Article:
Kermit Konzen: 100 Years

Kermit at 1 1/2 years old

Kermit at 1 1/2 years old

Today would have been my grandpa Konzen’s 100th birthday.  He’s been dead for 20 years, but today our family is celebrating him.  My grandpa Kermit John Konzen was born on 27 Jun 1915 in Montevideo, Chippewa, Minnesota, to John Charles Konzen and Ella Pauline Kuske.  Kermit was John and Ella’s first child and at the time of his birth John was 45 years old and Ella was 25 years old.

After his birth, Kermit didn’t seem to thrive and he almost died before his first birthday.  A wet nurse was hired for him, but he didn’t get better and instead he turned brown and wrinkly.  They discovered that the wet nurse didn’t have enough milk for him and she was adding water to it before giving it to the family.  They found another wet nurse and my grandpa started to get better.  My great grandma would be push him in the baby buggy and people would look in to see the baby and be startled by how bad he looked. Kermit’s younger sister Kay was born in 1920 and his younger brother Karl was born in 1922.

John owned a furniture store in Montevideo and he was one of the wealthiest men in town until the Depression.  My grandpa was the only one of his siblings old enough to remember how their life was before the Depression.  During his childhood, his mother Ella nearly died from scarlet fever, but she survived and endured a long recovery.


My grandparents Yvonne Sumner and Kermit Konzen circa 1939.

Kermit went to work for Red Owl grocery store in Montevideo and that’s how he met my grandma Yvonne Marcella Sumner.  She worked at an attorney’s office on the same street as the Red Owl and she would walk by the grocery store to and from work.  My great aunt Kay says Kermit was a little shy, but he always found a reason to wash the windows of the store when Yvonne would be walking down the street.  Yvonne was from the nearby town of Dawson. They fell in love and eloped in the fall of 1939.  For their honeymoon, they drove to Yellowstone National Park together.

Martha Elstad Gustavson, Sheldon Sumner, Olga Elstad Sumner, Virginia Sumner Coats holding Karol Konzen, Karl Konzen, Yvonne Sumner Konzen, Ella Kuske Konzen, John Konzen, and Kermit Konzen  in 1940.

Martha Elstad Gustavson, Sheldon Sumner, Olga Elstad Sumner, Virginia Sumner Coats holding Karol Konzen, Karl Konzen, Yvonne Sumner Konzen, Ella Kuske Konzen, John Konzen, and Kermit Konzen on August 25, 1940 in Minnesota.

My grandparents moved to Wheaton, Minnesota, after their honeymoon and Kermit worked as a manager at a grocery store.  My aunt Karol was born in Big Stone, Minnesota, and my aunt Karen was born in Douglas, Minnesota.  They lived in Alexandria for a little bit and then my grandparents moved to Billings, Montana, and Kermit worked at Sawyer’s grocery store.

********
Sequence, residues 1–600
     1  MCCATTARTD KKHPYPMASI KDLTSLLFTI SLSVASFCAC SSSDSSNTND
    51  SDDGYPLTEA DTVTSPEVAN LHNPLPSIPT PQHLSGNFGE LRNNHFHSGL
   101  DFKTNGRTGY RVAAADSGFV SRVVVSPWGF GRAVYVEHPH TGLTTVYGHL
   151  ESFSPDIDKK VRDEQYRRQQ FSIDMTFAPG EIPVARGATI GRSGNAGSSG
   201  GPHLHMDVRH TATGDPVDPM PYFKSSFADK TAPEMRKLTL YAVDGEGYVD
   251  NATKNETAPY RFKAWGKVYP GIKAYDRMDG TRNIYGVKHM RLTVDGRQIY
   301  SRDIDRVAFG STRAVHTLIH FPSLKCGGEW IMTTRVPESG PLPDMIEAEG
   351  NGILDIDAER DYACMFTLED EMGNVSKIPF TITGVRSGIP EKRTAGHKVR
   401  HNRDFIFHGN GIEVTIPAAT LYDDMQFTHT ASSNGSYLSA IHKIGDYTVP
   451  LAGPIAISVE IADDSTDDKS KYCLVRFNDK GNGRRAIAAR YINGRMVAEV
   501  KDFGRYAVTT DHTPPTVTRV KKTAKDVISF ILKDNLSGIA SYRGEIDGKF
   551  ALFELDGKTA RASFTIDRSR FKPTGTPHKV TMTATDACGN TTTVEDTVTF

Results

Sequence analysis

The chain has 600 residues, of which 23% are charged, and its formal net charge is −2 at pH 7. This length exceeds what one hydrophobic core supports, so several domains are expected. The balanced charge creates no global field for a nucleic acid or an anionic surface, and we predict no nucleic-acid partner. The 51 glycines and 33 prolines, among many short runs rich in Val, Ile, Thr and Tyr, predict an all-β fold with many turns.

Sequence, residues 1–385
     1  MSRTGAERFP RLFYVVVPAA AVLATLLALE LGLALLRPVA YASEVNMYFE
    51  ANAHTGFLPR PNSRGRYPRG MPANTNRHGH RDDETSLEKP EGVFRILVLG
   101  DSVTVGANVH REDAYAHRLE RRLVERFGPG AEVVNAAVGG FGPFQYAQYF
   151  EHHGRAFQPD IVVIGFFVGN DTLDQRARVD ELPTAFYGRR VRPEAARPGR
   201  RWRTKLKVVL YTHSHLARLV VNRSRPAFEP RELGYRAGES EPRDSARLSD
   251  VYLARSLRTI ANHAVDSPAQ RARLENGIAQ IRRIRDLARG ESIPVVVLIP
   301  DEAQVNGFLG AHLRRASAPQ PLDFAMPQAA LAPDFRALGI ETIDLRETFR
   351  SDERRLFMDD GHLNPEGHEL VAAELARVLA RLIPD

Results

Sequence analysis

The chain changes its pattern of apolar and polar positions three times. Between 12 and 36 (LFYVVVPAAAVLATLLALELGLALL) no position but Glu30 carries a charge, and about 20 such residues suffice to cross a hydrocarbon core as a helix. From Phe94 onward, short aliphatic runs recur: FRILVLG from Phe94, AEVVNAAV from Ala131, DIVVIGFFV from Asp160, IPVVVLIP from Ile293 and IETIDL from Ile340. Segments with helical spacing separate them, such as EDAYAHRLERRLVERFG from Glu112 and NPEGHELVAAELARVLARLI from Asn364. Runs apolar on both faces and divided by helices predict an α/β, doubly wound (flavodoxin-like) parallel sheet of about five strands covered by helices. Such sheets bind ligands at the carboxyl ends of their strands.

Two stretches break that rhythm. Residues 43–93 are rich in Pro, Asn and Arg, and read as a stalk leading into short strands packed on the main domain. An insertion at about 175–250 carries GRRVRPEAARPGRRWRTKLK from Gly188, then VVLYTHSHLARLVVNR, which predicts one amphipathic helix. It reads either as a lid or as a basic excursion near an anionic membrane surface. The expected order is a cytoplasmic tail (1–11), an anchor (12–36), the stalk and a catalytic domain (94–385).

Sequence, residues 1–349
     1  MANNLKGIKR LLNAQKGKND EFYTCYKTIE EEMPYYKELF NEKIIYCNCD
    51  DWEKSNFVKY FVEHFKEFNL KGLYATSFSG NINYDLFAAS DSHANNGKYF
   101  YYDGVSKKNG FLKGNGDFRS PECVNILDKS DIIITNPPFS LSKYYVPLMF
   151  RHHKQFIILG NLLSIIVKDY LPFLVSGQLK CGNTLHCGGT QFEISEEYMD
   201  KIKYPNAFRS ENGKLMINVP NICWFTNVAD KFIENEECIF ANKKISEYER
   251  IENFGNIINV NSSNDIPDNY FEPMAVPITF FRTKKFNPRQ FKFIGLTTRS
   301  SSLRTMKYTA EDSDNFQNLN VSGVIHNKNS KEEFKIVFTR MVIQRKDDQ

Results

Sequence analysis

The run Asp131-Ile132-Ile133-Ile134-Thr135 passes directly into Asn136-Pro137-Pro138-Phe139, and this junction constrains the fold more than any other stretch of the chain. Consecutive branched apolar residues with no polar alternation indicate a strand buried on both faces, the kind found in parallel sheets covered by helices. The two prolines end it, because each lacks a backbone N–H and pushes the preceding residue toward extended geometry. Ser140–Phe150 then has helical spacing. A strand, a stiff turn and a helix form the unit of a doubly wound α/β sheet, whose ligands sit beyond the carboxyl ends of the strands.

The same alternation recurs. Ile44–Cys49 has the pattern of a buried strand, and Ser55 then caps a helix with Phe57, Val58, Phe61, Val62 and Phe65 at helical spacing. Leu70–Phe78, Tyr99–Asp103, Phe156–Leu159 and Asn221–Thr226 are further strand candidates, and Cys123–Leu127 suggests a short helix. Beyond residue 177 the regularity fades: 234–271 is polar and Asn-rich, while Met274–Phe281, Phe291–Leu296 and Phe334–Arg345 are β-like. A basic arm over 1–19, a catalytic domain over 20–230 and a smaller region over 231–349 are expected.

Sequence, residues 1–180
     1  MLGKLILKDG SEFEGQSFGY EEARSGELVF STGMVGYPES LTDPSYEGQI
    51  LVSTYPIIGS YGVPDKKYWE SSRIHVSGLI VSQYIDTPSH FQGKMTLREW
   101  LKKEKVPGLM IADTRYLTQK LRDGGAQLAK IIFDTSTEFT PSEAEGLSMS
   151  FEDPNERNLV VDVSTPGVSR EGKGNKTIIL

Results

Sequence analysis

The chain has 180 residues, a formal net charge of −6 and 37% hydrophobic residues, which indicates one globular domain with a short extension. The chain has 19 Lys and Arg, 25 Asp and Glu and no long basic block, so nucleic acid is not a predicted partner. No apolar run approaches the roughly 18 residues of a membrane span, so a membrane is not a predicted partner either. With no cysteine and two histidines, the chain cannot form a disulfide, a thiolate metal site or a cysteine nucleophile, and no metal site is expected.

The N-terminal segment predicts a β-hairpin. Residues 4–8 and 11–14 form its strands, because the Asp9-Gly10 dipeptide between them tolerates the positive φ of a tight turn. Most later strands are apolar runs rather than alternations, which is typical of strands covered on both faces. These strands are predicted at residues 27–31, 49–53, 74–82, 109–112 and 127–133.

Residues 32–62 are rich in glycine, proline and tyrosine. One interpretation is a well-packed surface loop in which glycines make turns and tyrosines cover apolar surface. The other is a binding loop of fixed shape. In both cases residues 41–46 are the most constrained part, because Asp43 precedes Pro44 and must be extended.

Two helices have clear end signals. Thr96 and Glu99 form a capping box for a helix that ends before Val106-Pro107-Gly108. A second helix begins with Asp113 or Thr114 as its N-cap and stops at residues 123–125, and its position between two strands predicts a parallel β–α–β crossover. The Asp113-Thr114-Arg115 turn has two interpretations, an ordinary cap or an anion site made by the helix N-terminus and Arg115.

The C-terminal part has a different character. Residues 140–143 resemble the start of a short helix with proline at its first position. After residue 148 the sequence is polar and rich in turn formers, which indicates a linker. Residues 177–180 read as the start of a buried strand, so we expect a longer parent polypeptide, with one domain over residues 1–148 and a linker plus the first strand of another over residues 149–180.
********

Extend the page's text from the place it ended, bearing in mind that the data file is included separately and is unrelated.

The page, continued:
Soon afterward, Kermit and Yvonne moved farther west to Bozeman, Montana, where Kermit worked at Sawyer’s.  Their son John (named after his grandfather) was born in Bozeman. The family moved back to Billings and the rest of their nine children – yes, nine – were born there:  David, Janet, Janice, Konstance, Kathy, and Randall.  Kermit started working at the Carter Oil refinery – now the Exxon Oil refinery.  He was an operator and eventually he became the chief operator.

Kermit working at the oil refinery in the 1970s.

Kermit (left) working at the oil refinery in the 1970s.

My grandpa had always been fascinated by the Battle of the Little Bighorn, American Indians, and Montana.  My great aunt Kay says that when he was a kid he’d tell his friends that the portrait of an American Indian chief hanging in their stairway was his father.  When my mom was a child he took his kids to the battlefield and he’d tell the tale of the battle in full detail.  After he retired, my grandpa was able to pursue his passion for history.

Grandpa called himself an “interested student” of General George Armstrong Custer.  He worked on the 1984 and 1985 archaeological digs at the Battle of the Little Bighorn site, he helped create a map of historical interest points for the Billings Gazette, he was interviewed by Time magazine about the battle, and he collected artifacts and memorabilia.  Spending time at his home was like visiting a museum.  I don’t know anybody else whose grandparents had arrowheads, bullets, and a piece of hardtack (the less desirable version of a saltine cracker) on the wall in their stairway.


Kermit Konzen, on the far left, with some fellow historians.

Grandpa always seemed so full of life so it’s hard for me to remember that he’s been dead for so long.  When I was a baby, he had a stroke while visiting his sister in Minnesota.  Eventually the doctors discovered he had a brain tumor as large as a medium-sized lemon.  They removed the brain tumor, but they couldn’t get every piece of it.  Grandpa had to learn to talk and walk again, but it couldn’t keep him down for long and he always had plenty of time for his grandchildren.

He died about 7 years later on 5 Mar 1995, less than 4 months before his 80th birthday.  I’m thankful every day for having 7 years with him.  We spread his ashes – and later my grandmother’s – in an area he loved near the Rosebud Creek Battlefield where Crook’s Battle was fought days before the Battle of the Little Bighorn.

It’s because of my grandpa that I love genealogy.  He was a great man and a wonderful father and grandfather.  He lives on in all of his family.  It’s fitting that the 139th anniversary reenactment of the Battle of the Little Bighorn is happening on his birthday.  I’ll be there enjoying it.  Happy Birthday, Grandpa.


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